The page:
To study the link between a high body mass index (BMI) in childhood and the occurrence of pediatric-onset multiple sclerosis (POMS) and to compare, within the MS population, the clinical-radiologic-biological characteristics, according to BMI.
A case-control study comparing BMI data of 60 patients with POMS (39 girls and 21 boys) at Bicêtre Hospital with that of 113 non-neurologic controls NNCs (68 girls and 45 boys) and 18,614 healthy controls HCs (9,271 girls and 9,343 boys) was performed. Crude BMI (cBMI), residual BMI (rBMI = measured BMI – expected BMI for age), z-score (rBMI/SD), and adult equivalent categories (International Obesity Task Force ≥25 = overweight, ≥30 = obese) were assessed.
In boys, cBMI and rBMI were significantly higher in patients with POMS compared with NNCs (cBMI: +2.9; rBMI: +2.95, p < 0.01) and HCs (cBMI: +2.04, p < 0.01). In girls, cBMI or rBMI did not differ between POMS and NNCs patients (cBMI p = 0.4; rBMI p = 0.44) but with HCs (cBMI +0.99, p < 0.01). CSF inflammatory markers increased with BMI in prepubertal patients (p < 0.01), whereas vitamin D level at diagnosis was lower in boys with higher BMI (p = 0.016). Increased BMI was not associated with clinical and radiologic disease characteristics.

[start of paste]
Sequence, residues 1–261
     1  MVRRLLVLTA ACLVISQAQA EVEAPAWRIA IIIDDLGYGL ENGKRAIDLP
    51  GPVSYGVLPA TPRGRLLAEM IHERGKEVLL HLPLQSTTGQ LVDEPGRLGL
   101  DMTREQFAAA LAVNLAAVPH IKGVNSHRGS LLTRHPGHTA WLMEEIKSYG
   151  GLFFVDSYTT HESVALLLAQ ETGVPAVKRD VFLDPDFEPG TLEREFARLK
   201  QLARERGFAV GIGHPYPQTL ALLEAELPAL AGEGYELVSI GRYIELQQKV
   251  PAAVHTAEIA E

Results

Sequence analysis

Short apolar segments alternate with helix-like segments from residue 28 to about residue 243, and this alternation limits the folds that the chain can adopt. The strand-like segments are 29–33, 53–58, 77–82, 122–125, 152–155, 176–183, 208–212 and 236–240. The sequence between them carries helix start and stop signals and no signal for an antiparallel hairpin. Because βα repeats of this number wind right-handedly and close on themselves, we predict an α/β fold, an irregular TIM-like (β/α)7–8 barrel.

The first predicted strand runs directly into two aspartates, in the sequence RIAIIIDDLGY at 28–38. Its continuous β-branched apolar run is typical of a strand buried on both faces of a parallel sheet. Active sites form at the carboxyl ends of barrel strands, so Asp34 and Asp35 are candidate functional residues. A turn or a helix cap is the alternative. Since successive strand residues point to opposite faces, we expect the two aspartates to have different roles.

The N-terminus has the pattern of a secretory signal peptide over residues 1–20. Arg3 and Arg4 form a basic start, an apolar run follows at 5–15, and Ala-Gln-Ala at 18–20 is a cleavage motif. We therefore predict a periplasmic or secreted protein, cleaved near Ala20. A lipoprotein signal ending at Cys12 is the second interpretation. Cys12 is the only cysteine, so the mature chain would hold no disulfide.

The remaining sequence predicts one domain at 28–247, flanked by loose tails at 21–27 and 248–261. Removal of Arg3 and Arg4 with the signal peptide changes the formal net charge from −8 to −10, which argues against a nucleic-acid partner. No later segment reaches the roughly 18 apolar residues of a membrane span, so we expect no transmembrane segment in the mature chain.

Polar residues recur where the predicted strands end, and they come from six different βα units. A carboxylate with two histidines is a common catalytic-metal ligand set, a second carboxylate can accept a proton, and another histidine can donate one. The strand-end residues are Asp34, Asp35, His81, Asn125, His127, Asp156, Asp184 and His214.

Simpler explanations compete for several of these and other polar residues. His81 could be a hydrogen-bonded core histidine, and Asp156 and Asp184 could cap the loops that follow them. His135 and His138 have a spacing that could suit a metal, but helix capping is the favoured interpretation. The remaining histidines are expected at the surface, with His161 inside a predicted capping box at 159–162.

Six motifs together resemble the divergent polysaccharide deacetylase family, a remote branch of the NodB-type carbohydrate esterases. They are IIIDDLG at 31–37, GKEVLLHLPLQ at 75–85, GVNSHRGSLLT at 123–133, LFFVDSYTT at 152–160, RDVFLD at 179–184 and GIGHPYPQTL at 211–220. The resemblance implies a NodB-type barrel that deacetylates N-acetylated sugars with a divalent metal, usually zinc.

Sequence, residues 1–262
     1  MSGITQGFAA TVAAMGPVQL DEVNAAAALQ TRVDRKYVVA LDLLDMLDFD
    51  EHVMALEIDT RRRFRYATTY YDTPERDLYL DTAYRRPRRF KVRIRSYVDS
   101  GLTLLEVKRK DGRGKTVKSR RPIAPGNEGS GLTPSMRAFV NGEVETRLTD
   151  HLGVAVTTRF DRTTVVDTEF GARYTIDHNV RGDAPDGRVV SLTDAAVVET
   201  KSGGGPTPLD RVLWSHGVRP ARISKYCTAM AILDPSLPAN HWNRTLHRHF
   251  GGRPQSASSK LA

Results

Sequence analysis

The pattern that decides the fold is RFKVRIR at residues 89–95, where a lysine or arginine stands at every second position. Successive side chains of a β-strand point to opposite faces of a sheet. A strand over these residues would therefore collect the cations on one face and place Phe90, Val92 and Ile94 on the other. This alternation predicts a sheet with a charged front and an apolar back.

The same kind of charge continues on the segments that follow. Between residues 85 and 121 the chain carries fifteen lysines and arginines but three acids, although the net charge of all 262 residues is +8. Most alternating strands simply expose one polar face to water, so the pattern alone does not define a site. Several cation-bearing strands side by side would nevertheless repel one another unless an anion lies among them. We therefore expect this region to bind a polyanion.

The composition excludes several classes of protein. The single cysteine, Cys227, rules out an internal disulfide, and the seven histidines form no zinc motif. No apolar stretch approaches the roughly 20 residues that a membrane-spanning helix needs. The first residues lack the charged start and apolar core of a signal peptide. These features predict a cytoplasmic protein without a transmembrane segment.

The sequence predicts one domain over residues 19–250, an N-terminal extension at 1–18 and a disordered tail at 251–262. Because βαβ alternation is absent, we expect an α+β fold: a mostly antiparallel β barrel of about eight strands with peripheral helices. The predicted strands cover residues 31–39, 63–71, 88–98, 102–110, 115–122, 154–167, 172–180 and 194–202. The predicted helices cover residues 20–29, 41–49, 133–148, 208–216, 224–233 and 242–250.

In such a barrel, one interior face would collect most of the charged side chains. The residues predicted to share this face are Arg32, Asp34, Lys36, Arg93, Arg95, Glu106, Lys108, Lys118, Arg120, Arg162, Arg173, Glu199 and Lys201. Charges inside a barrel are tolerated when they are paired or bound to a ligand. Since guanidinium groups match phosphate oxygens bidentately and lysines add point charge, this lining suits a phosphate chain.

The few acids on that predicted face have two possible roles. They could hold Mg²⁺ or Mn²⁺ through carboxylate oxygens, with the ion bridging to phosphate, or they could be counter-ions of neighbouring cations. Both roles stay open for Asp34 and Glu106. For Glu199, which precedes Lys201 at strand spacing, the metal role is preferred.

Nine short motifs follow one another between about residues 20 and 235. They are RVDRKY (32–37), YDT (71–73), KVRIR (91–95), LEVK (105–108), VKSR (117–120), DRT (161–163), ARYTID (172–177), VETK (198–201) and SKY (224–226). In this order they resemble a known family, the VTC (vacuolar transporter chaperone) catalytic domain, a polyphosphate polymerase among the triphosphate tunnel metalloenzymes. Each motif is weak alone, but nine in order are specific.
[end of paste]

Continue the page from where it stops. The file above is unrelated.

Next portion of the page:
Overweight and obesity are more frequently observed at diagnosis, particularly in boys with POMS compared with non-neurologic controls and French HCs. Moreover, BMI is related to initial inflammation in the CSF in prepubertal patients with POMS suggesting an interaction between excess body fat, sexual hormones, and POMS occurrence.